The cold front mentioned above, is causing south to southeast breezes…and rather thick volcanic haze (vog) in places too. Here’s a satellite picture of this frontal cloud band, still a distance to the northwest of the islands this evening. The latest forecasts are showing this weather feature getting as far into the state as Kauai and perhaps Oahu tonight into Monday…then stalling before reaching Maui County later Monday. This again leaves the front’s primary moisture area to the west of the eastern islands, like what happened to the cold front last weekend. While this front’s in our area, there will be upper level troughs of low pressure present at times too, which should add localized heavy rainfall into the mix with time…especially over Kauai. There may in fact be some severe thunderstorms forming near Kauai at times. These thunderstorms can drop copious precipitation, bring strong gusty winds, and even water spouts over the nearby ocean. ~~~ Looking ahead, it will take until the middle of the new week, before a solid trade wind flow returns statewide. It appears that a fairly normal trade wind weather pattern will close out the second half of the upcoming week. I’ll be back this evening with a few more updates, I hope you have a great Sunday night wherever you’re spending it! Aloha for now…Glenn.
Friday evening Film: I met several friends down in Kahului for dinner, before we walked over to the theater to see a newly released film, called Oblivion. This film stars Tom Cruise, Olga Kurylenko, Morgan Freeman, Nikolaj Coster-Waldau, and Andrea Riseborough…among others. The synopsis: 2077: Jack Harper (Cruise) serves as a security repairmen stationed on an evacuated Earth. Part of a massive operation to extract vital resources after decades of war with a terrifying alien threat who still scavenges what’s left of our planet, Jack’s mission is almost complete. In a matter of two weeks, he will join the remaining survivors on a lunar colony far from the war-torn world he has long called home.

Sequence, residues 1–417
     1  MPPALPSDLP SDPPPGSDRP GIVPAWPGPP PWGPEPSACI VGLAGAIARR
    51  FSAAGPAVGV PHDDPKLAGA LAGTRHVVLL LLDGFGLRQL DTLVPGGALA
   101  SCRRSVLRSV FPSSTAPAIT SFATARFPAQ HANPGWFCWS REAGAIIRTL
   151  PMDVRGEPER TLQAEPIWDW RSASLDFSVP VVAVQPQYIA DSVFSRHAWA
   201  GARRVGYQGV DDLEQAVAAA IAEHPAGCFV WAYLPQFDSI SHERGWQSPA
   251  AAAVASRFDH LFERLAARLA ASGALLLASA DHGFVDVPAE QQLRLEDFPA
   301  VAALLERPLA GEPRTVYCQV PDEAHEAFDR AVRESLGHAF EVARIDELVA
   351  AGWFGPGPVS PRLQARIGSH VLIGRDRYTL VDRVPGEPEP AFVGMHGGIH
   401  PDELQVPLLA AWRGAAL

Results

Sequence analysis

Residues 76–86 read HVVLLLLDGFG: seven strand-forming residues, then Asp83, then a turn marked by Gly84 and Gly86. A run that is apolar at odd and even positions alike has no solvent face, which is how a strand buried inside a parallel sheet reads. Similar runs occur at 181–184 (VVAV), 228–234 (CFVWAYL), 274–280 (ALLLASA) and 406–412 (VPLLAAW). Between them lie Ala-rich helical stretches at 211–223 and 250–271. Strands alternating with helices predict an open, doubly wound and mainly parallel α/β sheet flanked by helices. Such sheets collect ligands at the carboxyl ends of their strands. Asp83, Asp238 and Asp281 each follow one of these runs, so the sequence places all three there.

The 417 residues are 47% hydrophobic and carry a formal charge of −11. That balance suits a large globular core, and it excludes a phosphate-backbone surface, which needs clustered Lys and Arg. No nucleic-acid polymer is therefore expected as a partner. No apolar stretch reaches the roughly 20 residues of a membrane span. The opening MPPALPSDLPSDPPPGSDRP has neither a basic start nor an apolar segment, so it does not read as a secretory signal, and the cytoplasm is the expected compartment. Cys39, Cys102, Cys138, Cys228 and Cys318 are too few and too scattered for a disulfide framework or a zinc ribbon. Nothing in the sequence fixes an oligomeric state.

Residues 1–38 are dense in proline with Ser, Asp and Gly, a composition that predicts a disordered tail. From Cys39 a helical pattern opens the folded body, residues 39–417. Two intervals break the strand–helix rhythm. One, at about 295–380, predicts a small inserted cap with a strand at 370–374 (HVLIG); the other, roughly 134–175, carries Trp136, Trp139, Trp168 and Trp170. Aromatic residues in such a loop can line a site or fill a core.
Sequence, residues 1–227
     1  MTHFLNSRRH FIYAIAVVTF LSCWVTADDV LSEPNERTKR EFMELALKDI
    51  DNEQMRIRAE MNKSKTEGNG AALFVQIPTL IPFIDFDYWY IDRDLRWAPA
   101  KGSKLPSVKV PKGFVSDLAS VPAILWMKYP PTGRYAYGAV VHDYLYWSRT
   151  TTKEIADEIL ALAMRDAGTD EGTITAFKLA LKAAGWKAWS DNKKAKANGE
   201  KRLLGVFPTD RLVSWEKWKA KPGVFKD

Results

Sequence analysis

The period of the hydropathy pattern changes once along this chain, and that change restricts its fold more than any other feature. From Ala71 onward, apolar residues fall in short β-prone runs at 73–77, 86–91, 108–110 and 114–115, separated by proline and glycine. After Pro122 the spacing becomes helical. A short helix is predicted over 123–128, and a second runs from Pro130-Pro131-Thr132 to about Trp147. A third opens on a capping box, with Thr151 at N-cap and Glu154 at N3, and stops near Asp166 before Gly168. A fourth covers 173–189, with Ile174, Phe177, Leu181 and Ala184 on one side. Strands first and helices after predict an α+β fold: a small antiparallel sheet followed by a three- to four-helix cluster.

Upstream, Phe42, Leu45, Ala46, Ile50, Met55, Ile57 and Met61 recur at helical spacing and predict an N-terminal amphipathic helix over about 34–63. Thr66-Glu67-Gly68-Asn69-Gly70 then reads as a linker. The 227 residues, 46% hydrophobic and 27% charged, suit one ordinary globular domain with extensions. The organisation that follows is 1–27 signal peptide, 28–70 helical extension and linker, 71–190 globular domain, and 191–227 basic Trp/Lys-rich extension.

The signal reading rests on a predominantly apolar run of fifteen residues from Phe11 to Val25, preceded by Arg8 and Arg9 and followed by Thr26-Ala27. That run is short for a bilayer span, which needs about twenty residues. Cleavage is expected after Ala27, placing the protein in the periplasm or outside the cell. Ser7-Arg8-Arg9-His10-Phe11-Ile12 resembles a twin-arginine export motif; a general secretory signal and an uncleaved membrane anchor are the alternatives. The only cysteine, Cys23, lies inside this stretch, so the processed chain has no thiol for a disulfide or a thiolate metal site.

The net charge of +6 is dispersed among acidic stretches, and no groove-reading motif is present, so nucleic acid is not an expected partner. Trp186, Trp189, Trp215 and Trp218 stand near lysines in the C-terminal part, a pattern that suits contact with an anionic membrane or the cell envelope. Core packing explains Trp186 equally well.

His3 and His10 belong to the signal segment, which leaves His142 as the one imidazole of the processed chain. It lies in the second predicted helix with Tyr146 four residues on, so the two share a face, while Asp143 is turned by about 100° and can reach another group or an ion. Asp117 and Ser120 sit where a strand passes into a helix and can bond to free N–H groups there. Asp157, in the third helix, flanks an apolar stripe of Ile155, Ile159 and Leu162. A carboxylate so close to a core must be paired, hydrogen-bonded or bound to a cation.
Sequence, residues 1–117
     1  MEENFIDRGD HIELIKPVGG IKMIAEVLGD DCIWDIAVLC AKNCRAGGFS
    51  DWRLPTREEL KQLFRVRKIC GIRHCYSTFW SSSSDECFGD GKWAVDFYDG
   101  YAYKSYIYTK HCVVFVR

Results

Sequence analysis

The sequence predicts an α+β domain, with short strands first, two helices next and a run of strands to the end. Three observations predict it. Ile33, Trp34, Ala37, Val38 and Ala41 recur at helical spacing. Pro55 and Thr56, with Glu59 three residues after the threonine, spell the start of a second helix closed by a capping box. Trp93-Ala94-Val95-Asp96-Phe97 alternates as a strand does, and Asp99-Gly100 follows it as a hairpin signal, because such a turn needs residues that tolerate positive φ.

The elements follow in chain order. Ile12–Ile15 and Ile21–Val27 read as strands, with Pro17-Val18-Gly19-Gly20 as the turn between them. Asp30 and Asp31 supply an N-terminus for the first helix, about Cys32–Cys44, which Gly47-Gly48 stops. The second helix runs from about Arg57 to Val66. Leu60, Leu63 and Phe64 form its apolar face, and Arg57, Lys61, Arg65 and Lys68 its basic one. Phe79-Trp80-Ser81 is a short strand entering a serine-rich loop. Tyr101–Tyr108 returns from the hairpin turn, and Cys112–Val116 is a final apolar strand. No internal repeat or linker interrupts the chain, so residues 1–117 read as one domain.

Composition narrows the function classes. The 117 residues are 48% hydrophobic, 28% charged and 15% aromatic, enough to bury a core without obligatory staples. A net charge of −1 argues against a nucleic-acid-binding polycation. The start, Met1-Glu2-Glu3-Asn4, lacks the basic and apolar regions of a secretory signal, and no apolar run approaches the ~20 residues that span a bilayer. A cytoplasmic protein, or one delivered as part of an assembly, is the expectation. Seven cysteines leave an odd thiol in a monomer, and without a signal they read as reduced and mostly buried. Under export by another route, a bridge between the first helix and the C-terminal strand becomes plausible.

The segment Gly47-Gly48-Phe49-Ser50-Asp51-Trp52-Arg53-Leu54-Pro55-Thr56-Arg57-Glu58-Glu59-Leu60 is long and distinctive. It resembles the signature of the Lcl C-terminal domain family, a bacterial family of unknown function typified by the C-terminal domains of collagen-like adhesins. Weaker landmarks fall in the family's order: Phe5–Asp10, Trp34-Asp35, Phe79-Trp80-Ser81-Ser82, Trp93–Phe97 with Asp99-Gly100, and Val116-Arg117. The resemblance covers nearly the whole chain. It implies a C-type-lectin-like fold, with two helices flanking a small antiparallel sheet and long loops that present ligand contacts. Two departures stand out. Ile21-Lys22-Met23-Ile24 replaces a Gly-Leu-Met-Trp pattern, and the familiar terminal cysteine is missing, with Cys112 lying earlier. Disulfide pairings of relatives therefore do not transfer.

Living in and patrolling the breathtaking skies from thousands of feet above, Jack’s soaring existence is brought crashing down after he rescues a beautiful stranger from a downed spacecraft. Drawn to Jack through a connection that transcends logic, her arrival triggers a chain of events that forces him to question everything he thought he knew. With a reality that is shattered as he discovers shocking truths that connect him to Earth of the past, Jack will be pushed to a heroism he didn’t know he contained within. The fate of humanity now rests solely in the hands of a man who believed our world was soon to be lost forever.
Let’s start off with grades first, of which, there were two B’s, a B-, a B+…and a B+/A- blend. I thought the film was great, captivating me from the very first scene to the last. This was a pure sci-fi adventure, huge in dimension, and very sophisticated…an incredible ride through space and time! I must admit, I’ve become quite a Tom Cruise fan, as the films he gets involved with, over and over, all draw me into his starring influence. Here’s the trailer for Oblivion, take a peek if you’d like.
Saturday evening Dance: The evening started off nicely, as I cooked fresh Mahimahi, with organic potatoes and broccoli. My neighbor had told me about a dance that was happening at the Union Church in Makawao. This church has lots of activities, many of which aren’t of the religious type. I decided to take a drive over there after dinner, and was glad I did. There is a very large space with wood floors, that serves as a dance floor perfectly. There was a lady disc jockey (DJ) who was spinning some very danceable tunes. There were many more women than men, which was great for me! I saw one lady friend that I’ve been hanging out with a little lately, and we had such fun together. This event ended at 10pm, which got me home at a decent time. I ended up talking on the phone with another friend on the drive home. She likes to dance too, so we made plans for her and her husband to go dancing in Kihei in a couple of weeks. I like it when Saturday nights turn out this way!
World-wide tropical cyclone activity:
Atlantic Ocean/Caribbean Sea: There are no active tropical cyclones
Gulf of Mexico: There are no active tropical cyclones
Eastern Pacific Ocean: There are no active tropical cyclones
Central Pacific Ocean: There are no active tropical cyclones
Western Pacific Ocean: There are no active tropical cyclones
South Pacific Ocean: There are no active tropical cyclones
North and South Indian Oceans: There are no active tropical cyclones